Photo: Syed Haq. Some 50 protesters marched in Mott Haven on Jan. 17, demanding NYPD accountability for its violent crackdown on peaceful protesters last June.

Grassroots group demands NYPD accountability for June 4 ‘kettling,’ assault on protesters

Some 50 protesters marched from 136th Street and Brook Avenue to the 40th Precinct station house on Alexander Avenue on Sunday, Jan. 17, demanding accountability for the NYPD’s brutal crackdown on hundreds of peaceful protesters last June at the Port Morris street corner. 

The march was organized by Mott Haven Families, a grassroots group that has held once-weekly, peaceful marches to the station house on Sundays since last summer to demand the city shift funding for police to community priorities such as education, housing and health care.

Before marching to the precinct, the protesters held a press conference at the scene of the now-notorious June 4 crackdown. The march coincided with a lawsuit filed by the New York Attorney General’s office against the NYPD for their violent assault on protesters during protests for the killing of George Floyd by a Minneapolis police officer.  

Jason Epting, an organizer with Mott Haven Families, reminded the crowd that the neighborhood is a welcoming place, but police shattered the usual sense of calm when they surrounded, beat and arrested hundreds on June 4. 

“With the help of top officials and local politicians, they decided to kettle and physically assault protestors,” said Epting. “(Visitors would) be okay otherwise, if they were on this block.”

“I was wondering what was going to happen and why they needed so many officers to make sure a protest didn’t get out of hand,” said Epting’s daughter Candance, who recalled seeing the June 4 incident from her bedroom window. She said it was like a “war,” when she witnessed victims being carried out of the fracas that evening on stretchers. 

“People get fired when they don’t do their jobs well,” she said. “I don’t understand why the NYPD is an exception to that.”

Community groups have demanded more transparency from police following the violent crackdowns of last summer.

“There is no democracy without justice,” said Abdourahamane Diallo, city-director of The African Empowerment project of NYC, who was participated in the June 4 protest. “And there is no justice without transparency.”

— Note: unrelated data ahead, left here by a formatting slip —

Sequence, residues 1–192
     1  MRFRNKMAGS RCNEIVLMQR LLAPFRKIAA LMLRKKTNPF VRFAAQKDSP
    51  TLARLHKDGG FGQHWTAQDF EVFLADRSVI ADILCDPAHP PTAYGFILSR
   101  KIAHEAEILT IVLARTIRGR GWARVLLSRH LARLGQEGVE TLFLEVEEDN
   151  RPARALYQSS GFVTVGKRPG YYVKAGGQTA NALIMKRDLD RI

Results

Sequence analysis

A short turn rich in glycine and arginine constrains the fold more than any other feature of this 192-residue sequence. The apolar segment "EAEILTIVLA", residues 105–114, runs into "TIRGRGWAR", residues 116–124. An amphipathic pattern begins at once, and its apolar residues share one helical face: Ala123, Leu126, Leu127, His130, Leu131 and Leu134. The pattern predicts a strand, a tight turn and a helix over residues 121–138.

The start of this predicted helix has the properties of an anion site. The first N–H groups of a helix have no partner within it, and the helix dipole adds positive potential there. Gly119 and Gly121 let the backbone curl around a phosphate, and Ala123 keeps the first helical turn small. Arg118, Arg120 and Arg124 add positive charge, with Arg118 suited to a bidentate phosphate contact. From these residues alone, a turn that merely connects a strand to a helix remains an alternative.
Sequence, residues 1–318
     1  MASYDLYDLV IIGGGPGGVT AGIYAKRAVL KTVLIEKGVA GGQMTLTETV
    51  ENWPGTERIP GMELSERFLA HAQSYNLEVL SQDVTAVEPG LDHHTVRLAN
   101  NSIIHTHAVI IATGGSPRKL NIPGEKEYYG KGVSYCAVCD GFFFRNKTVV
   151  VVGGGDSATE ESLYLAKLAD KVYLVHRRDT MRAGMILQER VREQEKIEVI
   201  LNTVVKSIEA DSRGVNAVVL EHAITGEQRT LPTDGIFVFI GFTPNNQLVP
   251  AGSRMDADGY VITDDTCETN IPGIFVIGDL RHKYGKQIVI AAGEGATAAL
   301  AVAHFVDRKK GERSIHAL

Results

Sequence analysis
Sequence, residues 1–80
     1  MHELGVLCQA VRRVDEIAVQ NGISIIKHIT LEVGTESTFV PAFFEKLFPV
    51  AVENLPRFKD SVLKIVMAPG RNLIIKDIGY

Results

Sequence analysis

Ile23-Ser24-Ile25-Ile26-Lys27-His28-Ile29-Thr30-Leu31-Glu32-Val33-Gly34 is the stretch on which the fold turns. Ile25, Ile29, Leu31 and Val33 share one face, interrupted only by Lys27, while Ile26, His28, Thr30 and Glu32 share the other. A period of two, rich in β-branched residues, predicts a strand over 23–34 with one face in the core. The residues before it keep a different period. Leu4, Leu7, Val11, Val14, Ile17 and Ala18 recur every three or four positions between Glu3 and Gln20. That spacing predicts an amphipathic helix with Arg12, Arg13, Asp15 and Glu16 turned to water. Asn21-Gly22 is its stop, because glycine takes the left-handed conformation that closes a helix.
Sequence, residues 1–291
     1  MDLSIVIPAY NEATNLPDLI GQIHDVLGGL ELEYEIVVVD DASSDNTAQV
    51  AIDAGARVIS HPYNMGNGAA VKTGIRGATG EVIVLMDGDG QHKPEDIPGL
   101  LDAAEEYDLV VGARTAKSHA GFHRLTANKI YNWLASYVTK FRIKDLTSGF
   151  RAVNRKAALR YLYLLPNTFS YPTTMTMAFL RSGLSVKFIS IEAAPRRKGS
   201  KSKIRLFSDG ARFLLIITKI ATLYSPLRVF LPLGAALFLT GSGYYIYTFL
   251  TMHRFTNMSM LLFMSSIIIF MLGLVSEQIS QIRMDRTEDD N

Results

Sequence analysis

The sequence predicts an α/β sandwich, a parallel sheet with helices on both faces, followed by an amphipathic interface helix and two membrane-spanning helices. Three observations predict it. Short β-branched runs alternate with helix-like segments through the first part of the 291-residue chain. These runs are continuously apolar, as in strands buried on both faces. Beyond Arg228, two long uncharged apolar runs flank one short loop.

A report by Human Rights Watch in September revealed that the June 4 attack on the protestors was planned, leading to officers “kettling” the peaceful protestors without any prior warning, minutes before the mayor’s 8 p.m. curfew, and used that as an excuse to brutalize them. 

Several medical volunteers and legal observers were also beaten, cuffed and illegally detained, according to Human Rights Watch’s report. Assemblywoman Amanda Septimo pointed out that the observers had the right to oversee the protest, but that the NYPD violated their rights by assaulting and arresting them, even though they were carrying city-approved insignia. By assaulting those observers, police further erode already weak public confidence in law enforcement, she said.

Police cluster in front of the 40th Precinct station house on Jan. 17.

She called on the 40th precinct to meet with the community to acknowledge their mistake, and says the City Council should arrange an investigation into the events of June 4, while urging “good officers” from the NYPD to join them. 

“We all know the phrase ‘It’s only a few bad apples,’” she said, “but what most people don’t say is the rest of the sentence,—-‘a few bad apples spoil the bunch.’”

Michael Beltzer, a candidate for City Council in the south and central Bronx, recalled having to tussle with police on the evening of June 4 when they came down on him.

“It feels like they came to Wrestlemania,” said Beltzer. “That was Wrestlemania 2.0.”

After the press conference, the group marched to the station house on Alexander Ave. to deliver their letter demanding transparency, then clipped a petition onto a steel barricade that police erected in front of the station house to cut off public access to the 100-plus-year-old building.

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